Once your report is generated, you will want to filter your report for consumer search queries that resulted in one or more conversion(s). Then, compare those search queries to the respective keywords that triggered them. The keyword and query will be different, so then it becomes your job to act on the data. Are the queries already keywords in your account? If so, this could indicate a structural issue. If not, add them to the appropriate ad group as exact match keywords. Just be careful not to add duplicates.

It is important to make sure you are bidding on broad and/or phrase match keywords when utilizing this strategy. It will not work if you only have exact match keywords in your account. Unlike broad and phrase match, exact match keywords will only trigger from queries that are exactly the same as that keyword. Therefore, this would only be reiterating the keywords that are already included in your account and render this strategy useless.

Traffic Control

Traffic control is another thing you can take away from your SQR data. Packed with consumer queries, your SQRs are a great resource for negative keywords to include in your account. Just as dams around the world keep large amounts of water at bay, you should be doing the same with your PPC traffic with negative keywords.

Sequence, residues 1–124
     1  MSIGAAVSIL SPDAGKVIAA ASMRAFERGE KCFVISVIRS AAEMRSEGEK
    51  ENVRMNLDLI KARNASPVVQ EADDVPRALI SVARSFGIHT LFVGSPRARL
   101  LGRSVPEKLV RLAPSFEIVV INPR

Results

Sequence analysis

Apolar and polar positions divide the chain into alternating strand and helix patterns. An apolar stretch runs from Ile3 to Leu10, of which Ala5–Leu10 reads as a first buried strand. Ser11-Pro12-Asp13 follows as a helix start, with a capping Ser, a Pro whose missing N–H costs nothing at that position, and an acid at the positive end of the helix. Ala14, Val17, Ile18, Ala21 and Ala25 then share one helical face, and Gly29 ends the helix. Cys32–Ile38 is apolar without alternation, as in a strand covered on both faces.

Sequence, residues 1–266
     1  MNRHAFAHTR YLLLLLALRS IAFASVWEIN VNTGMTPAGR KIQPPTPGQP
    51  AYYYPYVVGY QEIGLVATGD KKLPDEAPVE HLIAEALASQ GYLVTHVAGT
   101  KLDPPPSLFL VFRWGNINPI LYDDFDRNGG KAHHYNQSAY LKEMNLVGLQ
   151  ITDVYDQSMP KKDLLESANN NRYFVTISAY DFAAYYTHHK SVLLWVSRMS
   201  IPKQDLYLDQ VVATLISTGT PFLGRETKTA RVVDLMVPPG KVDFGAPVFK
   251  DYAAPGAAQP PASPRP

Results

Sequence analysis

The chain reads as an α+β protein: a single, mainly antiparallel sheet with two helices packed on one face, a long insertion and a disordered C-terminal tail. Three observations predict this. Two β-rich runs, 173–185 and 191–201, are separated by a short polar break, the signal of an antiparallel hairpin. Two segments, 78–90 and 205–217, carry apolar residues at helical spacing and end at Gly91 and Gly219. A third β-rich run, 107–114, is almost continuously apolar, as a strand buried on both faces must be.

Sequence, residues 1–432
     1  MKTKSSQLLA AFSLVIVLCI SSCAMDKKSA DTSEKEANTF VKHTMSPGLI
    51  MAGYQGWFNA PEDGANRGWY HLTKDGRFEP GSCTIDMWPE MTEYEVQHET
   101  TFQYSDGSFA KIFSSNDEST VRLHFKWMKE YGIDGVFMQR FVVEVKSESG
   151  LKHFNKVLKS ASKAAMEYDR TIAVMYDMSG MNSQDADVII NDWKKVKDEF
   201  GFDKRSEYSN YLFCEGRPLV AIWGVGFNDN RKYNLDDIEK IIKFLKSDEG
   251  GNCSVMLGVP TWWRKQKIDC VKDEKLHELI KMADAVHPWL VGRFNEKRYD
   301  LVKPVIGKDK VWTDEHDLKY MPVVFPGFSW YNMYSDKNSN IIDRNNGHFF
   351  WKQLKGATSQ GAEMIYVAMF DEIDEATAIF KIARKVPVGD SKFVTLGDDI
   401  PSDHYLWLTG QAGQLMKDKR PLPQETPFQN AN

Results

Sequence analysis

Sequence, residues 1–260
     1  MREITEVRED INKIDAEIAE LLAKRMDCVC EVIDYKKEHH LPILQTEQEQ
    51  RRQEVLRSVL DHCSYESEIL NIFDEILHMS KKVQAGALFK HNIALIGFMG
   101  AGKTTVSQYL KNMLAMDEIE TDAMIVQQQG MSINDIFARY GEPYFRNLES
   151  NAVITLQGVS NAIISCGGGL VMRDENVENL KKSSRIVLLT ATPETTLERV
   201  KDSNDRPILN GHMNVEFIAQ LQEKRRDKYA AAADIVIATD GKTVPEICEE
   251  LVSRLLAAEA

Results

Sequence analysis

Essentially, you want to repeat the steps that I outlined above for the Keyword Expansion section to generate an SQR report. Then, I sort the consumer queries alphabetically and look for patterns. Based off of the query patterns and one-off searches, I analyze the queries based on search intent and simply apply the irrelevant queries as negatives.

Let’s say I’m a sporting goods retailer and bidding on the broad match keyword football. From my SQR, I see that football cleats, footballs, and football schedule were all triggered from my keyword. Considering the fact that I’m trying to target people interested in purchasing football equipment, it should be obvious that I am not targeting fans looking for their favorites teams game schedule. Therefore, I would want to add schedule to my list of negative keywords in my adCenter account.

In adCenter, you currently have the option to place negative keywords at the campaign, ad group, and keyword levels. After attending a recent adCenter conference in Chicago, it’s been rumored that there is a change coming down the pipeline that would combine these three divisions into a single negative keyword list for each campaign. Therefore, it’s recommended that negative keywords be added at the campaign-level to avoid complications in the future.


Although SQRs with conversion data have been around in AdWords for a while now, we can finally access that same information in adCenter as well. Hopefully you’re as excited as I am to add this to my PPC management arsenal, because this strategy can save you unnecessary click costs, help increase your overall ROI, and improve the accuracy of your ad groups as well. For more info on this strategy, Chad Summerhill and Alan Mitchell have also written great posts. It is my hope that you will have taken something useful from this post to gain better insight into Microsoft adCenter. If you have any feedback, I would welcome any and all of your comments below!